Laurell K. Hamilton
Ballantine, 2006 (2006)
Hardcover, Audio, CD, e-Book
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Reviewed by Hilary Williamson
f hot and heavy sex were an Olympic event, both Laurell K. Hamilton's heroines (vampire hunter Anita Blake and Unseelie Princess Meredith NicEssus) would be contenders, but the latter would win the gold for her efforts at the beginning of
(they take up the entire first third of the book, aside from brief interruptions by aunt Andais, the vicious Queen of Air and Darkness, who delights in cruelty and torture).
alf-human Meredith Gentry, once a private detective in Los Angeles, is now joint heir to the Unseelie throne - but will lose that position along with her life if the Queen's nasty son, Prince Cel, manages to beget a child before she does. Hence the princess's unrelenting attempts to procreate with each and every member of her sidhe bodyguard - not necessarily one at a time either. This episode opens on a dream - of '
warm flesh and cookies
', seguing into a Goddess and a God giving Meredith a cup of horn with the words '
Drink and be merry.
' She proceeds to take that advice - first with embittered Abeloec, and then with Mistral, the queen's new captain of the guard.
hey make a magic together that brings to life the dead gardens, '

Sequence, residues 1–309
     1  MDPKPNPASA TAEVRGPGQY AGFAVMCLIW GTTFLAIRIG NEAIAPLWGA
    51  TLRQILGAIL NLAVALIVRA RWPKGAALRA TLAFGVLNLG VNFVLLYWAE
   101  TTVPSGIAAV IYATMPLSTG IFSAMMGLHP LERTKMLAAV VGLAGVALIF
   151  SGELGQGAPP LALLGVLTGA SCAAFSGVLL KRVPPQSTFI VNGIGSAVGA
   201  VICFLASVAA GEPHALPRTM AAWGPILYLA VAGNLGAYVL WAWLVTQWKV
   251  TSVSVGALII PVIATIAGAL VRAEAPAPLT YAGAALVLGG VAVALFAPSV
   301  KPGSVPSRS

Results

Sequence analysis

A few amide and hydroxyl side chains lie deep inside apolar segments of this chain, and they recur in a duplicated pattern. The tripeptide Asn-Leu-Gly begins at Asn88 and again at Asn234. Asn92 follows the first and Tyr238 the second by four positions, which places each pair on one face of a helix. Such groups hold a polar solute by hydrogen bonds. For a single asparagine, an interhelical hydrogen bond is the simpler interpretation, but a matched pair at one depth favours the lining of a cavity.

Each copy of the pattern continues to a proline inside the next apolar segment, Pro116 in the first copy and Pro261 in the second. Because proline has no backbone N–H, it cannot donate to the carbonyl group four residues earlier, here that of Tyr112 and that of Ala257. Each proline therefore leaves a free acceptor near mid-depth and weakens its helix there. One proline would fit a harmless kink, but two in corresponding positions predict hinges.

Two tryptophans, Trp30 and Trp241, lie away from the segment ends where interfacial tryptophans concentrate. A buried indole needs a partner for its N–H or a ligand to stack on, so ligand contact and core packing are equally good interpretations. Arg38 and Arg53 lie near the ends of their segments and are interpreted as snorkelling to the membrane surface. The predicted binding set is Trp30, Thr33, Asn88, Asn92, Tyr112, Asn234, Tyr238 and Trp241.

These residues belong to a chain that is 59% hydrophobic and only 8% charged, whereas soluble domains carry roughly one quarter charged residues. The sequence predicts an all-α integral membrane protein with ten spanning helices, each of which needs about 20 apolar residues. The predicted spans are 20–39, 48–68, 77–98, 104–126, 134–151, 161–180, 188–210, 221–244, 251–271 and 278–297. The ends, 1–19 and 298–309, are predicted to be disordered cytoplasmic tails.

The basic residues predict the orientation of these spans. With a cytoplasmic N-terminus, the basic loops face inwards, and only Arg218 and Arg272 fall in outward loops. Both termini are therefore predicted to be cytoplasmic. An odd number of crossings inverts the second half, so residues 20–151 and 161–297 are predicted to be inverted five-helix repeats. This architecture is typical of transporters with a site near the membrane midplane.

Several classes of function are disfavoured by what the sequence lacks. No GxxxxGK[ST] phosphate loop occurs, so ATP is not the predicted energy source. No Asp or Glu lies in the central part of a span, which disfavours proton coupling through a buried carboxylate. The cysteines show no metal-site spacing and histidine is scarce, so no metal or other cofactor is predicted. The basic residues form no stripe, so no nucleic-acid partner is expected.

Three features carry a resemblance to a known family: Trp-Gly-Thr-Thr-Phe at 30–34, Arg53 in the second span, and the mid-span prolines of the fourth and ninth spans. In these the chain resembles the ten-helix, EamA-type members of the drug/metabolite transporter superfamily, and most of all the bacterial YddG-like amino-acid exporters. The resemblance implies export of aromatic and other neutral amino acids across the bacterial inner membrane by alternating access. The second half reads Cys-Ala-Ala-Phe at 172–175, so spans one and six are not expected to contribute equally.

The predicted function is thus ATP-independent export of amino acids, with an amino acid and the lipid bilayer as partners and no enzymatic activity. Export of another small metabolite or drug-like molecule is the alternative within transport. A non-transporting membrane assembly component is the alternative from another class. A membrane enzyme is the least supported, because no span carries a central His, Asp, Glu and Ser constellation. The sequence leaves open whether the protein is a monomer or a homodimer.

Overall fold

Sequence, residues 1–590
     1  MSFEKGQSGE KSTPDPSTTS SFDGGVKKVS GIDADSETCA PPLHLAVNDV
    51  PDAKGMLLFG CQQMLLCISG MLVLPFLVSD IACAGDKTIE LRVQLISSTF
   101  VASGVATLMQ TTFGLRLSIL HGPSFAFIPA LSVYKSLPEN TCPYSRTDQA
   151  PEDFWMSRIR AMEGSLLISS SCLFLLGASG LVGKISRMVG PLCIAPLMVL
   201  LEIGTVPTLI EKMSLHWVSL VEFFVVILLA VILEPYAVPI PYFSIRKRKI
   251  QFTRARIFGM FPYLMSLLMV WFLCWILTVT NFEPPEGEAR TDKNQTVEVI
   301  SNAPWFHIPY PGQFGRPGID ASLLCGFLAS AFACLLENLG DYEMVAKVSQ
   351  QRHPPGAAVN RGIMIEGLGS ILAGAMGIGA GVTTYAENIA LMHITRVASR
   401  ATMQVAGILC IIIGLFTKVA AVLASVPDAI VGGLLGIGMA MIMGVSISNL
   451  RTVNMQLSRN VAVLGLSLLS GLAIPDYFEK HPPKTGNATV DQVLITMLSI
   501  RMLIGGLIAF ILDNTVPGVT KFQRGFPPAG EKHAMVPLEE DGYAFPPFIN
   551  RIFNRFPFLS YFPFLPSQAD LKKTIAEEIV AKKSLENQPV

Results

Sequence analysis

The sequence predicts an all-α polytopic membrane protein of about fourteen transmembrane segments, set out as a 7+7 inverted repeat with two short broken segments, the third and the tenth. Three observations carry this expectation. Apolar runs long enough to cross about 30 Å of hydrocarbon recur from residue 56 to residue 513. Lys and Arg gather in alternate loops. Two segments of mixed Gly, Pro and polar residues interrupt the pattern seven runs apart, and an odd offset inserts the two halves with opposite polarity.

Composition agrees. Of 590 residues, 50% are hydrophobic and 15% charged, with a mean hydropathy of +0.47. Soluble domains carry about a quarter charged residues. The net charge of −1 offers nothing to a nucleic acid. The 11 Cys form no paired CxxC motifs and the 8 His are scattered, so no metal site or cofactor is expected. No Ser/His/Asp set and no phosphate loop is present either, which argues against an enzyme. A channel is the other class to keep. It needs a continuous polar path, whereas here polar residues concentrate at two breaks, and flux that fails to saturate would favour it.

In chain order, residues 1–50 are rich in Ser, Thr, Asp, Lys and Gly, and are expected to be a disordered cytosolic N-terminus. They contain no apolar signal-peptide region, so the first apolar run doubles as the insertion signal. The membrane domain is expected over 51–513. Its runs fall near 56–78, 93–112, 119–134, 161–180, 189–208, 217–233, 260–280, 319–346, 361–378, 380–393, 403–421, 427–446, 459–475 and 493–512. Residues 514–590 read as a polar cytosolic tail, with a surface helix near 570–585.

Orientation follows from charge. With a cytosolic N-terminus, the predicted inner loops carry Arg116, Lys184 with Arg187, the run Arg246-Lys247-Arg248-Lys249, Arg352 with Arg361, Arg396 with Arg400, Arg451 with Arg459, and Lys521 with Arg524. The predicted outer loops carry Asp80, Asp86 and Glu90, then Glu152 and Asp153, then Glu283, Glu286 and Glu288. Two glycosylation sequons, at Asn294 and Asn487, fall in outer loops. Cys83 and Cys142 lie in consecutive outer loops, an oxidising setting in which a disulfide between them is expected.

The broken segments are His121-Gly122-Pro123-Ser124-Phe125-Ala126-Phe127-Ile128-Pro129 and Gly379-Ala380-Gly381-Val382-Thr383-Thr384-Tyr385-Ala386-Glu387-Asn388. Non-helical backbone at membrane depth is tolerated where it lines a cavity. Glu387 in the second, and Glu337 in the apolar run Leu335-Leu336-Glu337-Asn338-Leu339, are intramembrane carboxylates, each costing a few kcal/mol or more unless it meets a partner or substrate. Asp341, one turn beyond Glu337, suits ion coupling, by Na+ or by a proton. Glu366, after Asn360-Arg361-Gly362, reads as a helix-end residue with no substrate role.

once magical underground lands where legend had it that faerie had its own sun and moon, rain and weather
', invoking a power that had faded long before Merry's birth. And though Andais isn't happy about lending her niece Mistral, she can't argue with results. The garden changes, some of their party disappear, and the door the princess conjures takes them to the kingdom of the sluagh, where Merry makes even more powerful mojo with King Sholto,
Lord of That Which Passes Between
. Together, they invoke major magic, and Sholto unleashes the wild hunt - whose nightmares pursue them into the human world.
starts slowly, the action builds to a crescendo of an ending, as Meredith and her immortal male harem love and fight their way through Faerie, transforming it in the process. I can only echo Diana Gabaldon's comment on the first in the series,
A Kiss of Shadows
, that '
I've never read a writer with a more fertile imagination.
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